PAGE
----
An all-access history of the evolution of the American restaurant chef Chefs, Drugs and Rock & Roll transports readers back in time to witness the remarkable evolution of the American restaurant chef in the 1970s and '80s. Taking a rare, coast-to-coast perspective, Andrew Friedman goes inside Chez Panisse and other Bay Area restaurants to show how the politically charged backdrop of Berkeley helped draw new talent to the profession; into the historically underrated community of Los Angeles chefs, including a young Wolfgang Puck and future stars such as Susan Feniger, Mary Sue Milliken, and Nancy Silverton; and into the clash of cultures between established French chefs in New York City and the American game changers behind The Quilted Giraffe, The River Cafe, and other East Coast establishments. We also meet young cooks of the time such as Tom Colicchio and Emeril Lagasse who went on to become household names in their own right. Along the way, the chefs, their struggles, their cliques, and, of course, their restaurants are brought to life in vivid detail. As the '80's unspool, we see the profession evolve as American masters like Thomas Keller rise, and watch the genesis of a “chef nation” as these culinary pioneers crisscross the country to open restaurants and collaborate on special events, and legendary hangouts like Blue Ribbon become social focal points, all as the industry-altering Food Network shimmers on the horizon. Told largely in the words of the people who lived it, as captured in more than two hundred author interviews with writers like Ruch Reichl and legends like Jeremiah Tower, Alice Waters, Jonathan Waxman, and Barry Wine, Chefs, Drugs and Rock & Roll treats readers to an unparalleled 360-degree re-creation of the business and the times through the perspectives not only of the groundbreaking chefs but also of line cooks, front-of-house personnel, investors, and critics who had front-row seats to this extraordinary transformation.

Catching Light

Author: Roy M. Anker
Publisher: Wm. B. Eerdmans Publishing
ISBN: 9780802827951
Size: 62.80 MB
Format: PDF, Docs
View: 7051
Download
Examines nineteen popular films, such as The Godfather trilogy, E.T.: The Extra-Terrestrial, and American Beauty, and shows how they convey a range of striking perspectives on the human encounter with God. Original.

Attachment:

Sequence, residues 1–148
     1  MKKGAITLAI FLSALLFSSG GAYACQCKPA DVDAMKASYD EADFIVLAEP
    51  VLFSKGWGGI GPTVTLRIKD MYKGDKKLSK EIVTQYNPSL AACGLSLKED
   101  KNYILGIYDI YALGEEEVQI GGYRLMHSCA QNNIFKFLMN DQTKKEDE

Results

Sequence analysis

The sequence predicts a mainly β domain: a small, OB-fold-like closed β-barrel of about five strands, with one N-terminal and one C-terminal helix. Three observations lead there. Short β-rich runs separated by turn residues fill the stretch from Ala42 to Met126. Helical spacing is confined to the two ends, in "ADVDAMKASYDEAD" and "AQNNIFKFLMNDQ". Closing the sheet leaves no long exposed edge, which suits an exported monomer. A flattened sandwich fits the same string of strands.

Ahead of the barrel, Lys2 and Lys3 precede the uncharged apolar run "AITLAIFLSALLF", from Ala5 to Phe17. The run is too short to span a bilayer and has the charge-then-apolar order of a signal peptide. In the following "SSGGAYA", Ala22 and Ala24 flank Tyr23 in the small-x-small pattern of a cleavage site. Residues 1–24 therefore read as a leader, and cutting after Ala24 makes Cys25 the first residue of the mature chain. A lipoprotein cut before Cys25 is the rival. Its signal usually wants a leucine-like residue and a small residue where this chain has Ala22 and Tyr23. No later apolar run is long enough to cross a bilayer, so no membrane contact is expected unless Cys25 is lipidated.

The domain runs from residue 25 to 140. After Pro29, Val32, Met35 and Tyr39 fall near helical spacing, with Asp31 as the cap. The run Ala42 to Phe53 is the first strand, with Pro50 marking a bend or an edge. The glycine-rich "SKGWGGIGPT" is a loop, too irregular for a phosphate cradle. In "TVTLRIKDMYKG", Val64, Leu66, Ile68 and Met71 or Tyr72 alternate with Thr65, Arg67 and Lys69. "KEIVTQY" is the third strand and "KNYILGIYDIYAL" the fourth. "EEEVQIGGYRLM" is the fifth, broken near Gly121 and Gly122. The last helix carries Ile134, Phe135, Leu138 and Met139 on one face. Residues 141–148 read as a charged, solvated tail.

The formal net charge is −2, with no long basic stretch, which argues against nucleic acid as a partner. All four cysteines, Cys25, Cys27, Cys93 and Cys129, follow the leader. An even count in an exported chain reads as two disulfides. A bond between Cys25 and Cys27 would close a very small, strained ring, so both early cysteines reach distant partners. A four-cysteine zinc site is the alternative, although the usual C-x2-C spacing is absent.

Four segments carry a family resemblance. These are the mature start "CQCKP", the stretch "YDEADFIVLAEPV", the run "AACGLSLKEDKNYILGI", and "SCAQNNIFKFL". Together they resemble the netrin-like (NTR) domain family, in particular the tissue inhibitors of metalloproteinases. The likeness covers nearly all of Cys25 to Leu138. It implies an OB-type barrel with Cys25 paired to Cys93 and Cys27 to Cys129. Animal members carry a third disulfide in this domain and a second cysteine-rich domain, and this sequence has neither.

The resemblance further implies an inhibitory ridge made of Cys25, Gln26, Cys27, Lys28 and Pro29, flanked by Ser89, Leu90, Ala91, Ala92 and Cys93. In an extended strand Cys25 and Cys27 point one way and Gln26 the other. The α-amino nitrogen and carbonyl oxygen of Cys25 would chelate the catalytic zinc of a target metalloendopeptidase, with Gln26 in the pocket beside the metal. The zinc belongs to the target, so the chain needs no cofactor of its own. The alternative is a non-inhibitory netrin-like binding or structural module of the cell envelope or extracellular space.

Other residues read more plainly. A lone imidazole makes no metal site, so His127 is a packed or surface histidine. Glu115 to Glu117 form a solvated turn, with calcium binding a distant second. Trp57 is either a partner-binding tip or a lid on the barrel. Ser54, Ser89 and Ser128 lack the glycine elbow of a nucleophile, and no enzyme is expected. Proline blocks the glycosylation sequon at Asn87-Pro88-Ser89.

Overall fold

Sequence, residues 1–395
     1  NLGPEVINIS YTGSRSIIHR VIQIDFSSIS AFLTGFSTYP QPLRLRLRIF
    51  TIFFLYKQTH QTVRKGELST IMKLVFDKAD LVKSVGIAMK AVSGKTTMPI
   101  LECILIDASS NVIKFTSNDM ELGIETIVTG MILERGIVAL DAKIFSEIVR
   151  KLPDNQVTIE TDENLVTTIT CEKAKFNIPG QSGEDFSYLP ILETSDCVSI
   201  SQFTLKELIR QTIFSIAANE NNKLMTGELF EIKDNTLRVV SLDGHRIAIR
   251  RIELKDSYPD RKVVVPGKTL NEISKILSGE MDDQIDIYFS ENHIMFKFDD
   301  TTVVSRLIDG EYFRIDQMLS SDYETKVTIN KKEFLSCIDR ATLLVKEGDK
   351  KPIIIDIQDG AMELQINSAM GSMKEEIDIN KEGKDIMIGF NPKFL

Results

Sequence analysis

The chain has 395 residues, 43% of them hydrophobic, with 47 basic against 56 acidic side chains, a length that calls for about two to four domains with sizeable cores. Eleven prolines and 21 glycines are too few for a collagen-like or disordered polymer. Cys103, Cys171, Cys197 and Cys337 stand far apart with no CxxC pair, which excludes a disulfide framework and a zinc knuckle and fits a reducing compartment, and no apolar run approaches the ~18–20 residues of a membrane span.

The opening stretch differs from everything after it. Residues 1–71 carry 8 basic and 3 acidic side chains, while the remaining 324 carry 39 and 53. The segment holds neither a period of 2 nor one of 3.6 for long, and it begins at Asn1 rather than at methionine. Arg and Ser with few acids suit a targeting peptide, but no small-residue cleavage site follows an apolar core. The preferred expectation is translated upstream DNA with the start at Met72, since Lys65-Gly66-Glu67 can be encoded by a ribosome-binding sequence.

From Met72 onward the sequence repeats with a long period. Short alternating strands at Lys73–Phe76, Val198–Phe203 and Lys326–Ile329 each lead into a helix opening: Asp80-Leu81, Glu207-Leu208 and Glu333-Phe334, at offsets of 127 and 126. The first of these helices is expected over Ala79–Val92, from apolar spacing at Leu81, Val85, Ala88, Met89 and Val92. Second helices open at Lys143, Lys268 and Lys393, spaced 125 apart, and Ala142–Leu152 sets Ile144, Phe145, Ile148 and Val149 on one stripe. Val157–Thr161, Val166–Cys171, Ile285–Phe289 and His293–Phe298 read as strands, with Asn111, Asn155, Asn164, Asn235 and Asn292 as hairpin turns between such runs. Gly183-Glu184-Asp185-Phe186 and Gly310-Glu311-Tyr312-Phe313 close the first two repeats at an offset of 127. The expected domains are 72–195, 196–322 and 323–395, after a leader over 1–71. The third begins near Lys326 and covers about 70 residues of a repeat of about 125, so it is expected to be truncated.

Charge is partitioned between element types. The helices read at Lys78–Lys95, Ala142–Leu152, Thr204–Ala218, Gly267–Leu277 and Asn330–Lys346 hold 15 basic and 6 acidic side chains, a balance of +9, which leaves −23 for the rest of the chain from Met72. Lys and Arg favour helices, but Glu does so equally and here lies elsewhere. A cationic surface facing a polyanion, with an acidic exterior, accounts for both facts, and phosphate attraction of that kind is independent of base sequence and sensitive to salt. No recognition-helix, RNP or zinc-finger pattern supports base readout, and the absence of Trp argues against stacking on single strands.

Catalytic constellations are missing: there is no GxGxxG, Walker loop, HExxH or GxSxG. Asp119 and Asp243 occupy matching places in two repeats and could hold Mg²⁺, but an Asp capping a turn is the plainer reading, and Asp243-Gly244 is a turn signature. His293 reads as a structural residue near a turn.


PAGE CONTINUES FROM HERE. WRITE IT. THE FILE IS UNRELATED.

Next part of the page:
Cultural Anthropology A Toolkit For A Global Age

Author: Kenneth J Guest
Publisher: W. W. Norton & Company
ISBN: 0393265005
Size: 26.59 MB
Format: PDF, Kindle
View: 4848
Download
The Second Edition of Ken Guest's Cultural Anthropology: A Toolkit for a Global Age covers the concepts that drive cultural anthropology by showing that now, more than ever, global forces affect local culture and the tools of cultural anthropology are relevant to living in a globalizing world.

One Out Of Three

Author: Nancy Foner
Publisher: Columbia University Press
ISBN: 0231535139
Size: 24.32 MB
Format: PDF, ePub
View: 558
Download
This absorbing anthology features in-depth portraits of diverse ethnic populations, revealing the surprising new realities of immigrant life in twenty-first-century New York City. Contributors show how nearly fifty years of massive inflows have transformed New York City's economic and cultural life and how the city has changed the lives of immigrant newcomers. Nancy Foner's introduction describes New York's role as a special gateway to America. Subsequent essays focus on the Chinese, Dominicans, Jamaicans, Koreans, Liberians, Mexicans, and Jews from the former Soviet Union now present in the city and fueling its population growth. They discuss both the large numbers of undocumented Mexicans living in legal limbo and the new, flourishing community organizations offering them opportunities for advancement. They recount the experiences of Liberians fleeing a war torn country and their creation of a vibrant neighborhood on Staten Island's North Shore. Through engaging, empathetic portraits, contributors consider changing Korean-owned businesses and Chinese Americans' increased representation in New York City politics, among other achievements and social and cultural challenges. A concluding chapter follows the prospects of the U.S.-born children of immigrants as they make their way in New York City.